Originally posted by sunilramanOriginally posted by gar
indeed, but it isn't a subnotebook. IF we see a subnotebook it won't be cheaper.
back on topic:
i'm very curious about how apple will handle the powermac to mac pro transition.
if they want to do it this year there will be no software (adobe cs etc.) and no real hardware advantages as far as i can see.
okay, let's set aside the notebook and sub-notebook discussions for a while
yeah good points on mac pro and adobe|macromedia.
okay, here's the thing, any conroe mac pro line apple releases around the mid-to-end of 2006, should run Universal pro apps wicked fast. so we are talking final cut studio universal, logic pro universal (already announced) and so on... mainly apple pro apps that are set to be universal across the board by middle of 2006.
so if apple announces conroe mac pro computers, they will clearly show how they outperform the dual and quad powermacs at apple pro apps. why do i assume conroes will outperform the dual and quads at apple pro apps? 1. because if they didn't apple wont release them. 2. logic pro on intel demonstrated some impressive performance that the apple guy apparently said "would not be possible on a powermac".
adobe photoshop is the key. apple will have good access to photoshop universal builds. they will be benchmarking the hell out of it.
best case scenario:
once apple is happy, and adobe is ready to go, apple will trot out photoshop-on-intel conroe mac pros and then demonstrate how it whips the powermac duals and quads at "this filter set" , "that action set", etc, etc.
by WWDC June 2006 virtually all apple apps, everything, pro and non-pro is Universal
photoshop universal may hold up conroe mac pros but only to a certain point, since apple can tout "new and improved" rosetta + all Universal apple pro apps for the power users. so second half of 2006 iSteve is ready to pull the trigger to unleash the conroe mac pros, he might wait a little for adobe, but he won't be waiting too long. clearly with the intel transition iSteve wants to drive the developers and not wait for them. adobe|macromedia will have to play ball and deliver at least *some* universal apps in 2nd half of 2006, maybe later in the 2nd half of 2006...
I agree with your analysis.
And to add to it:
First of all, Apple simply can't hold their machines up. Why they are in this turbo mode, only they know. Perhaps they did intend to do this all along, or, they were able to convince Intel to speed development up after all (I think that that is what happened). There are good reasons to believe this.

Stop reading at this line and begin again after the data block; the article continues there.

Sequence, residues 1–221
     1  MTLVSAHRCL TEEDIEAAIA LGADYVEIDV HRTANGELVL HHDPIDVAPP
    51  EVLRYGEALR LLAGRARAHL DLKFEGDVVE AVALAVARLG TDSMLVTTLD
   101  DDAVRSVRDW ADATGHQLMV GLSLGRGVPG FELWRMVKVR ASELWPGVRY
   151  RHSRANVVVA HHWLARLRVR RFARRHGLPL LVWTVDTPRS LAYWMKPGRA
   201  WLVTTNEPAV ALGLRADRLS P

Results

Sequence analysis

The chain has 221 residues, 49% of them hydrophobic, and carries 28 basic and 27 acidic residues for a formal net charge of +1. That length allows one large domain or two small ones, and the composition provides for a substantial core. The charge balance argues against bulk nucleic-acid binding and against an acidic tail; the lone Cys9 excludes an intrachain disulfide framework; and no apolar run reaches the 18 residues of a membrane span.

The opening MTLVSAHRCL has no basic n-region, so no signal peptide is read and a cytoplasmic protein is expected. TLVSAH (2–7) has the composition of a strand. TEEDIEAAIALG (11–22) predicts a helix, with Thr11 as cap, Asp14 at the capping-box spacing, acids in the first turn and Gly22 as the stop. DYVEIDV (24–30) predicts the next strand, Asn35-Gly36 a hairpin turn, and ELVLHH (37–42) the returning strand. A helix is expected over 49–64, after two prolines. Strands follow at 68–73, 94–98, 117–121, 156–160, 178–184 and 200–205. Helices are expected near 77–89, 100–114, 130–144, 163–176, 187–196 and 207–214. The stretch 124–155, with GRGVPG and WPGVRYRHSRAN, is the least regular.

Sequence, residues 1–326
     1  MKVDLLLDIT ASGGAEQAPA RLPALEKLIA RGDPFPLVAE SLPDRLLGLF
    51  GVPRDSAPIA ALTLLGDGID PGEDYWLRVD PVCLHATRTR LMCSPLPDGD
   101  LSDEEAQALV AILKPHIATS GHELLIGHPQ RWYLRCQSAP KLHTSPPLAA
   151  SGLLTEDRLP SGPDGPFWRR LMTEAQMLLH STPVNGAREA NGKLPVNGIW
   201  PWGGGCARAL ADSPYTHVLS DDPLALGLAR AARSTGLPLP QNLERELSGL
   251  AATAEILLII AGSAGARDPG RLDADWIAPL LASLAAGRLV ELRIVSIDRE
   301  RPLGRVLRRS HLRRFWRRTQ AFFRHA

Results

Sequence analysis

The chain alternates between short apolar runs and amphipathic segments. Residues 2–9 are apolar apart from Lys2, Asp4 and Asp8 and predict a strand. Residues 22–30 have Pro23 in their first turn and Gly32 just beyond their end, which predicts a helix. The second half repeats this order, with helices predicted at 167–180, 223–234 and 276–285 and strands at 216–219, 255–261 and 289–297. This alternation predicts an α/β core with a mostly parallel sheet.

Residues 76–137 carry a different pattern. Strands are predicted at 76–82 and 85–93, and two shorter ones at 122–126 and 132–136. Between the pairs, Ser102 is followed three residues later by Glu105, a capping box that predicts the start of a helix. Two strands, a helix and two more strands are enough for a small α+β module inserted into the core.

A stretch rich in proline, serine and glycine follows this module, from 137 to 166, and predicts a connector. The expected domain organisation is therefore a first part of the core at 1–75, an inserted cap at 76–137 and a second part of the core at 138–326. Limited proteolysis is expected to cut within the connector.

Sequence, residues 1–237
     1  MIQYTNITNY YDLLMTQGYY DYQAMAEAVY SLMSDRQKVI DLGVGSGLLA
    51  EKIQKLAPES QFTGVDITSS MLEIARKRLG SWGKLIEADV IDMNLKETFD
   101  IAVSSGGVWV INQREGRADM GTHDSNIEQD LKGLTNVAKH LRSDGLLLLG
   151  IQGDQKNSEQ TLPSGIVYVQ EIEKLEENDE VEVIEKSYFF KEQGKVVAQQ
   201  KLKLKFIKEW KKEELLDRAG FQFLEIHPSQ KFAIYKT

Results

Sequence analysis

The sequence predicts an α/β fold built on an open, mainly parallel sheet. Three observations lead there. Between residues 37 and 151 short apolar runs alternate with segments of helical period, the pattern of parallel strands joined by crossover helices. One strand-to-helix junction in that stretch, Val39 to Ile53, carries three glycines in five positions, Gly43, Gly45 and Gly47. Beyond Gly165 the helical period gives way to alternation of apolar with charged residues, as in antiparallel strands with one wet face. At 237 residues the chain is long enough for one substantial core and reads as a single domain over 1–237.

As has been noted here and in other places, both Rosetta, and the OS will improve their speed over the coming months. Apple even acknowledged that iLife 6 wasn't particularly optimized for the Intel machines as yet, hence some of those low scores. Remember that only some of those programs are able to work with two cores. Most of them were speeded up by 10% or so anyway. The transfer slowdown we saw was obviously a bug. Hopefully it will be addressed in 10.4.5, if not soon afterwards.
The performance of the MacBook Pro should get a huge speedup over the old Powerbook, because of its slow nature. A good test of that was done recently on Rob Galbraiths site, using an Intel iMac to sub for the laptop, against the Powerbook. I posted this before.
Nothing is really known about Conroe, at this time, other than some general performance expectations. We should see some more concrete information in March, sometime. A lot of the performance will depend on how Apple exploits the technologies around it. Will Apple stick with DDR2 667? I was disappointed that they used DDR 2 533 for the Quad. There is little known advantage over DDR 400 (other than marketing). 667 does give a speed advantage, so I was pleasantly surprised to see that they are using that both in the iMac AND in the MacBook Pro.
But, will Apple go to DDR 2 800 this year, or even 1000? Both are out, and both would give a noticeable speed boost. Will they go to dual 16 channel slots for Crossfire or SLI? More than three or four slots, counting the one that MUST be used for video? Will they upgrade their SATA to SATA 2, to 300 from 150? More drives? Two, or more, external bays again?
Will they FINALLY give us a real high end gaming card, and not a pretend one, like the 7800XT, instead of the GTor better? How about HDMI output? That will be needed very shortly. How about on the monitors as well? What about their new connector standard? Will we see that?
These, and other issues, will drive the sales of these machines.
If Leopard does come out this year, and is a significant, er, leap, forward, that will help as well. When will we see that? Will it be out the same time as the new machines? What about the 3264 bit transition? It isn't as easy on x86 as on PPC. Where will that be?
Photoshop, and some other programs are only a part of what is going on here.
I know a number of pros and businesses (that I still keep in touch with), who have told me that if those new machines can keep within a reasonable range of performance of the older machines (on Rosetta), and if the hi performance programs they need are only a quarter away, they will buy the new machines as they need new equipment. Otherwise, it's not happening.